By Keith Coffman
DENVER (Reuters) - The lawyer for a convicted murderer who is suing Colorado prison officials for ignoring a do not resuscitate order when the inmate went into cardiac arrest said on Monday that the case is about upholding the life-ending wishes of prisoners.
Brett Lampiasi represents convicted murderer Daniel Self, 54, who is serving a life-without-parole sentence for the slaying of his pregnant girlfriend in 2004.
"This is not about them bringing my client back to life, but about the fact that there is no system in place for prisoners' directives to be honored," Lampiasi told Reuters.
According to the lawsuit filed in U.S. District Court in Denver, Self went into cardiac arrest at a state prison on April 4, 2009, months after he signed a directive indicating no lifesaving measures be taken if his "heart or breathing stops or malfunctions."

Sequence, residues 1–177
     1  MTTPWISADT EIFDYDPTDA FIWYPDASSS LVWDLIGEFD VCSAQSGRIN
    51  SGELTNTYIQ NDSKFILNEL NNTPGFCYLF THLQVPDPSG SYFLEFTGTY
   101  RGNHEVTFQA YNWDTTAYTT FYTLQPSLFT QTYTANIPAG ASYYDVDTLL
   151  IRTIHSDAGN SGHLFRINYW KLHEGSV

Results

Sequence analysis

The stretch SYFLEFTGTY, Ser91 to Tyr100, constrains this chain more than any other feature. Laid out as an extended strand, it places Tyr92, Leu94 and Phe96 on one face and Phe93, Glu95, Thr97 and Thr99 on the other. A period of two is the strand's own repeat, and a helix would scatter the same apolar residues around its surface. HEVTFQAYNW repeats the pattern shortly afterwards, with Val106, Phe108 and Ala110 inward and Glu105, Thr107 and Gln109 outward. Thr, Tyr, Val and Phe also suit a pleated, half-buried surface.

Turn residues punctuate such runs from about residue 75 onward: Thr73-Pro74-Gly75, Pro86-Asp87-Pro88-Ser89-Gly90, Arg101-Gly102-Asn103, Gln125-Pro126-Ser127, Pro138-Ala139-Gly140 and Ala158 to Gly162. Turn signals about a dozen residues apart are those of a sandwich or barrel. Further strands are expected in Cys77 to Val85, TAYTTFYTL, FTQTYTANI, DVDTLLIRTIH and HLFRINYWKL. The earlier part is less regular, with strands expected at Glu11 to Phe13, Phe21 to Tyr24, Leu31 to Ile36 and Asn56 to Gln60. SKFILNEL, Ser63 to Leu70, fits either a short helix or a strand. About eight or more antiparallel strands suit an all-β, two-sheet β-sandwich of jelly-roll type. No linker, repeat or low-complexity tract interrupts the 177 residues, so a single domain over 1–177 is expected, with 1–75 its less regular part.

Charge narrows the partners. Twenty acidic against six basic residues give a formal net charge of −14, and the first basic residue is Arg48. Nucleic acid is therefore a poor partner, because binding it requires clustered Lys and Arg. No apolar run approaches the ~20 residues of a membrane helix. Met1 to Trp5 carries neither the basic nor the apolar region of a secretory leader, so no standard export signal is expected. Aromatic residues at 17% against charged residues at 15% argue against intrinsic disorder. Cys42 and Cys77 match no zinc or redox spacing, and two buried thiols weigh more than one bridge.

Prison medical personnel performed CPR, and later had Self transferred to an off-site hospital where he was ultimately revived.
The lawsuit claims Self was "horrified and shocked that he had been resuscitated against his express consent."
A spokeswoman for the Colorado Department of Corrections said the agency does not comment on pending litigation.
But in a memo to Self provided to Reuters by Lampiasi, a prison nurse said that emergency crews are required to respond in certain way.
"Since they do not have access to your records they would not realize that you had a CPR Directive signed and in your chart," the nurse said in the memo.
Self also claims that a botched surgery on his right wrist left him "grossly disfigured and ... permanently disfigured."
(Editing by Dan Whitcomb and Peter Bohan)